Presentation #228.03 in the session Molecular Clouds, HII Regions, and the ISM I.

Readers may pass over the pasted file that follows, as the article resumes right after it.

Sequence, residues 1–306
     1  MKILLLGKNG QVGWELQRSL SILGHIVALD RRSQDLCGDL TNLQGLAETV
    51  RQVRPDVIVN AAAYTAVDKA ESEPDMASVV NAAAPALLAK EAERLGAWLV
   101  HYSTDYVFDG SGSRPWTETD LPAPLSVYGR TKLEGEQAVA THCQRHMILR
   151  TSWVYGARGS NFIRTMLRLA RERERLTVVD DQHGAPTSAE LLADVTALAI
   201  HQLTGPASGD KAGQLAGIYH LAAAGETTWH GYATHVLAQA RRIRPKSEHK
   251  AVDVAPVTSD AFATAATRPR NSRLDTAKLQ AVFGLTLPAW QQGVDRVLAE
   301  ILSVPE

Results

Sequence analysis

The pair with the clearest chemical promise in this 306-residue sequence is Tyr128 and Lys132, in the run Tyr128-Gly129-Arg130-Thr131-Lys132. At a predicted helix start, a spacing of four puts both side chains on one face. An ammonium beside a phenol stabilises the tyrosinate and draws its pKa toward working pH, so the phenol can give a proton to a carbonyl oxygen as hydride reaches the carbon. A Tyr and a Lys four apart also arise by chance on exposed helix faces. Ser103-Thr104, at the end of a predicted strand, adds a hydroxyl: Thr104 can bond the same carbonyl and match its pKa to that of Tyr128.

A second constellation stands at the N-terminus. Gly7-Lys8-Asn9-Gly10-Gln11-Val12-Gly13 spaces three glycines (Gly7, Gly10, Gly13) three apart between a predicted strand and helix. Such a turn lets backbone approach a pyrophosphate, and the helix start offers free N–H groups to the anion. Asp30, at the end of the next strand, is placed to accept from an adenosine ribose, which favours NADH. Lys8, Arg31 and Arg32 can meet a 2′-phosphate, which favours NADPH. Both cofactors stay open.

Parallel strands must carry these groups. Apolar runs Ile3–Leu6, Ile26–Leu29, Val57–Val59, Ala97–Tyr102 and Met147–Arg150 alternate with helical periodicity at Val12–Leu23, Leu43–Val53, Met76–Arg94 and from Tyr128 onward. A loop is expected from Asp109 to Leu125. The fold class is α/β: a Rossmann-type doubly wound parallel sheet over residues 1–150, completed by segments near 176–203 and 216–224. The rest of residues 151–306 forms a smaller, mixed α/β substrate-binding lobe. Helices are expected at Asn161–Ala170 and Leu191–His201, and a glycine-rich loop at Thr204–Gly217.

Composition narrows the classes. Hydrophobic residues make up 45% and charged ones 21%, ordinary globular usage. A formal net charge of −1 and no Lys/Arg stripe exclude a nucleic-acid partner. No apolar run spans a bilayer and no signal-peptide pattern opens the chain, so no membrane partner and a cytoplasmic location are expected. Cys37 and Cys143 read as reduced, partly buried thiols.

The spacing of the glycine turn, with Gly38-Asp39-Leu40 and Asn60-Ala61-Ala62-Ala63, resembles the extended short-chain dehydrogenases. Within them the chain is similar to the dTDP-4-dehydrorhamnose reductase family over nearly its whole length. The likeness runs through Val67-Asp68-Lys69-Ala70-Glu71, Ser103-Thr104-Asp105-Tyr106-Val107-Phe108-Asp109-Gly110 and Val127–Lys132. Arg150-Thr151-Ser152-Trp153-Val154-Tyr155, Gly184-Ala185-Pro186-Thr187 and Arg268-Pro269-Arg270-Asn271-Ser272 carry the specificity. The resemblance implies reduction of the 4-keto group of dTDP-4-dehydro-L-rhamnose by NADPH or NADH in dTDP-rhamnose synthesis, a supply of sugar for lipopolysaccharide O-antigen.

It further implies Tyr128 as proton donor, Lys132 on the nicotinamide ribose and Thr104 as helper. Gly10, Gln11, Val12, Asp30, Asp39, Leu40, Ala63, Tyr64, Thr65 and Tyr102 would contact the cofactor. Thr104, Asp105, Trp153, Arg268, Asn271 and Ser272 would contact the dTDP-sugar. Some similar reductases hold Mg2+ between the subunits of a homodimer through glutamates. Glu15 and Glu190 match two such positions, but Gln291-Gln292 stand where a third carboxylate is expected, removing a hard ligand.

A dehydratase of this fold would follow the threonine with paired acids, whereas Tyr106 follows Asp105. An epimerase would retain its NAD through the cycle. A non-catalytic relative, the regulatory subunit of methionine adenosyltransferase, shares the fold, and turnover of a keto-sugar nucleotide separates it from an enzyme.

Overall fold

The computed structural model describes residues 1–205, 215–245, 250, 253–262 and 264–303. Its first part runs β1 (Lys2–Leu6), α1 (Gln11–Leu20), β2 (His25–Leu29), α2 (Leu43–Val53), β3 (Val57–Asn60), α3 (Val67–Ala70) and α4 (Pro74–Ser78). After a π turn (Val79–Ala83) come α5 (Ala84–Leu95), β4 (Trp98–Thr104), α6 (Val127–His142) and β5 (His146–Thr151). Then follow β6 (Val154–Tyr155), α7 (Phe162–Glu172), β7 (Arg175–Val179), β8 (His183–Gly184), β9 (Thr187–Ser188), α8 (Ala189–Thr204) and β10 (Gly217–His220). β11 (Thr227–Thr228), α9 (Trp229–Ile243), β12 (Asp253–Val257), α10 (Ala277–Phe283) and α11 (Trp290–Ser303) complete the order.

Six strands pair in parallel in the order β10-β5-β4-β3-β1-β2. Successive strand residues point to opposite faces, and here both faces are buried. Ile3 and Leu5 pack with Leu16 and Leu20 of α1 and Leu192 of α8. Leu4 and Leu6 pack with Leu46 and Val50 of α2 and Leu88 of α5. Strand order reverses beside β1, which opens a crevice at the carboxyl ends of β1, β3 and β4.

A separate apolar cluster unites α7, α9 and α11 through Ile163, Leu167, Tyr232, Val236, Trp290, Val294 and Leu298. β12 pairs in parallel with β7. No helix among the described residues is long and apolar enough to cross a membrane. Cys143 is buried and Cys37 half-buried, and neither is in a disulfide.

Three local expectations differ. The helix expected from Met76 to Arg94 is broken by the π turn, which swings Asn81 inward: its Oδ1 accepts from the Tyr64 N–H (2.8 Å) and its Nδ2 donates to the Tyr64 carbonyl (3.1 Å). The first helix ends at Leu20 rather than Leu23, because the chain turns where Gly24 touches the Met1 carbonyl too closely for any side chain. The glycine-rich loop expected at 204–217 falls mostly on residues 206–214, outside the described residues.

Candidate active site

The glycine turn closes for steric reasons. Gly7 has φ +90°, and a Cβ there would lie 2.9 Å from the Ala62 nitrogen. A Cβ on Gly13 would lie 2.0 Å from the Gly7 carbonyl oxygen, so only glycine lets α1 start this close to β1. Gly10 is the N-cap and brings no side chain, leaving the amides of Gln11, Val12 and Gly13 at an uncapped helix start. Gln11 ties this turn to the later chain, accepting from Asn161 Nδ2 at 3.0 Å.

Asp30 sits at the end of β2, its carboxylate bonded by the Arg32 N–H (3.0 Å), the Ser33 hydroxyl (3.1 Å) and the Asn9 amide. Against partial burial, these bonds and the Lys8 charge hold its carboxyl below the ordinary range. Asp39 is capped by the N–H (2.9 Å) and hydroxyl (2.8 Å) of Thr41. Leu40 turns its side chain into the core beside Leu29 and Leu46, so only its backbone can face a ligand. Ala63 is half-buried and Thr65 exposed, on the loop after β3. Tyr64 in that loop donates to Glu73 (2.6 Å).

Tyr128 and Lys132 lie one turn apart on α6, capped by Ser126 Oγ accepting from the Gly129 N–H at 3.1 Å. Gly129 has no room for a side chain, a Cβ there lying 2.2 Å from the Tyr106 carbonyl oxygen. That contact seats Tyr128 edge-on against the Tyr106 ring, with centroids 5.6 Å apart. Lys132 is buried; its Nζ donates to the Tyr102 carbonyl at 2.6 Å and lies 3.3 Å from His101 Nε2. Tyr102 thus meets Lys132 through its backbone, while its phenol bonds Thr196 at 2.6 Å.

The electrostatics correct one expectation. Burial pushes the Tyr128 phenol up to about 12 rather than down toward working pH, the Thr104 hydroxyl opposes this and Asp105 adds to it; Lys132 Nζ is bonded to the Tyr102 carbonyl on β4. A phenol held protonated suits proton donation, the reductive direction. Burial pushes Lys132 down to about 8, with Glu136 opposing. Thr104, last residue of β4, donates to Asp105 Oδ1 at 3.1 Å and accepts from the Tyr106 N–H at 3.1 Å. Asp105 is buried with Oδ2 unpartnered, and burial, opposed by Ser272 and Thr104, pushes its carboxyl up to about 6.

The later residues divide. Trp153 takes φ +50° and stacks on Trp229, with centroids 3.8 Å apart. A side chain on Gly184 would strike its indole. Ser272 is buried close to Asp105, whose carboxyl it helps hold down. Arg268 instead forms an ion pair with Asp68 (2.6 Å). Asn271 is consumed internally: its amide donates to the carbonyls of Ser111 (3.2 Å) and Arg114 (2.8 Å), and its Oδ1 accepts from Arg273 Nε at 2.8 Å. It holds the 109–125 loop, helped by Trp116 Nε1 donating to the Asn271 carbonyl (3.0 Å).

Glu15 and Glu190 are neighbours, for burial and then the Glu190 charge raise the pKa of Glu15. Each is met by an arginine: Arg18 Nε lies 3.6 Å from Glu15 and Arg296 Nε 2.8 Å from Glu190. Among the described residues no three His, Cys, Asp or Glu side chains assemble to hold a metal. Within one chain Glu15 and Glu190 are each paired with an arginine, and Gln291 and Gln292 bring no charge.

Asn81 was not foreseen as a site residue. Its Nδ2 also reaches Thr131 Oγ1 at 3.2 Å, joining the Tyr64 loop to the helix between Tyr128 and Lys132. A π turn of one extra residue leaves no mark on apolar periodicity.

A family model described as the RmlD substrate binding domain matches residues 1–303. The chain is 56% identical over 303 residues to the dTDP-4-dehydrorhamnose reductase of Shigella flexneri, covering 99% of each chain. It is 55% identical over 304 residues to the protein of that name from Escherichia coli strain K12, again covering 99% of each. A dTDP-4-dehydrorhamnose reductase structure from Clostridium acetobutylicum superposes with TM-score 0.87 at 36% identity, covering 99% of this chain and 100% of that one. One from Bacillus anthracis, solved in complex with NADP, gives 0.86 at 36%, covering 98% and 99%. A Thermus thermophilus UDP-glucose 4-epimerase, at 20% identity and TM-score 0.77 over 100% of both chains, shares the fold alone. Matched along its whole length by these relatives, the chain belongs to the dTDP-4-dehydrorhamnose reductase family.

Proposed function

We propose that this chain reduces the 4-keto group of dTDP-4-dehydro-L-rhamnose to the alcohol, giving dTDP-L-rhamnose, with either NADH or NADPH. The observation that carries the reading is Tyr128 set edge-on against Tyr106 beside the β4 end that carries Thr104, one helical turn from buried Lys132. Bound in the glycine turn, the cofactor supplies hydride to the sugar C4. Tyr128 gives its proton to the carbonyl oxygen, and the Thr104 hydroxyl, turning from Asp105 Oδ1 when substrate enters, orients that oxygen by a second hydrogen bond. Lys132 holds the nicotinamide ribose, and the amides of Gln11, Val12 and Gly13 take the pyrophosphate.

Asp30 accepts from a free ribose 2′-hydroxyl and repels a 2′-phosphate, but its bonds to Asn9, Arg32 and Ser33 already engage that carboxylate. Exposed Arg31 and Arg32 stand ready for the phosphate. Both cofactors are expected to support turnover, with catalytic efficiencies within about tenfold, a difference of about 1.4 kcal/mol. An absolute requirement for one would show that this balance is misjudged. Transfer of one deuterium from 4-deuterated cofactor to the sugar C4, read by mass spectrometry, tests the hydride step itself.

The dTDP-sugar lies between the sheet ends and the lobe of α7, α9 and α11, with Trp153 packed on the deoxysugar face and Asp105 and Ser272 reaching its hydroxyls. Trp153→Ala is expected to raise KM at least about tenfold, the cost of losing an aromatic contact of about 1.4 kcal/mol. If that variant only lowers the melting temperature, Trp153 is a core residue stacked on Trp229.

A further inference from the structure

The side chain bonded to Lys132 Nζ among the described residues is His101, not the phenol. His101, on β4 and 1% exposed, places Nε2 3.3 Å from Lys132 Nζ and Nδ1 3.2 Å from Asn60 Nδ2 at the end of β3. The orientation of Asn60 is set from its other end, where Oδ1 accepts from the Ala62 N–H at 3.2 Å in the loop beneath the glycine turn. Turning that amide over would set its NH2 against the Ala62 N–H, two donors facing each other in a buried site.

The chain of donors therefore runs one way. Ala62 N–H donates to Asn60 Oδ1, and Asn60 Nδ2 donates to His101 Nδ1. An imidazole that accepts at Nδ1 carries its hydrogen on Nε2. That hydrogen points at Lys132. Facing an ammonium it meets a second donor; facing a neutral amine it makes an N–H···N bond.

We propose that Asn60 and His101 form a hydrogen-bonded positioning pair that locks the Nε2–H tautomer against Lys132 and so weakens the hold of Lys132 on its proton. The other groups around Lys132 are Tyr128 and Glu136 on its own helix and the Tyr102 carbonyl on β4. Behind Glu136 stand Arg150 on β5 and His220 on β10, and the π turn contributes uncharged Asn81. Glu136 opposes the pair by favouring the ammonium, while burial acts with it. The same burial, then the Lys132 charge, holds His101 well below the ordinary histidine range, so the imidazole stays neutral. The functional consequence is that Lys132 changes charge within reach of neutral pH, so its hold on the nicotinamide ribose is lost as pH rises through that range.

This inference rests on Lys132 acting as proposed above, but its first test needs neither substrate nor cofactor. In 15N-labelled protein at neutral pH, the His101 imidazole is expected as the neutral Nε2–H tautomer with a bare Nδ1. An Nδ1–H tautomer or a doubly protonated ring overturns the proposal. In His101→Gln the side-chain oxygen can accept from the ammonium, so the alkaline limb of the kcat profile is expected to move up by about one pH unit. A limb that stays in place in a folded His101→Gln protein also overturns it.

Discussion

The star formation efficiency (SFE) has been shown to vary across different environments, particularly within galactic starbursts and deep within the bulges of galaxies. Various quenching mechanisms may be responsible, ranging from galactic dynamics to feedback from active galactic nuclei (AGN). Here, we use observations of warm ionised-gas emission lines (e.g. Hβ, [OIII]λλ4959,5007, [NII]λ6548,6583, Hα, [SII]λ6716,6731) from the imaging Fourier transform spectrograph SITELLE at the Canada-France-Hawaii Telescope (CFHT) and cold molecular gas (12CO(2-1)) from the Atacama Large Millimeter/sub-millimeter Array (ALMA) to study the SFE in the bulge of the AGN-host galaxy NGC 3169. After distinguishing star-forming regions from AGN-ionised regions using emission-line ratio diagnostics, we measure spatially-resolved molecular gas depletion times (τdep ≡ 1/SFE) with a spatial resolution of ≈100 pc within a galactocentric radius of 1.8 kpc. We identify a star-forming ring located at radii 1.25 ± 0.6 kpc with an average τdep of 0.3 Gyr. At radii < 0.9 kpc, however, the molecular gas surface densities and depletion times increase with decreasing radius, the latter reaching approximately 2.3 Gyr at a radius ≈ 500 pc. Based on analyses of the gas kinematics and comparisons with simulations, we identify AGN feedback, bulge morphology and dynamics as the possible causes of the radial variations of SFE observed in the central region of NGC 3169.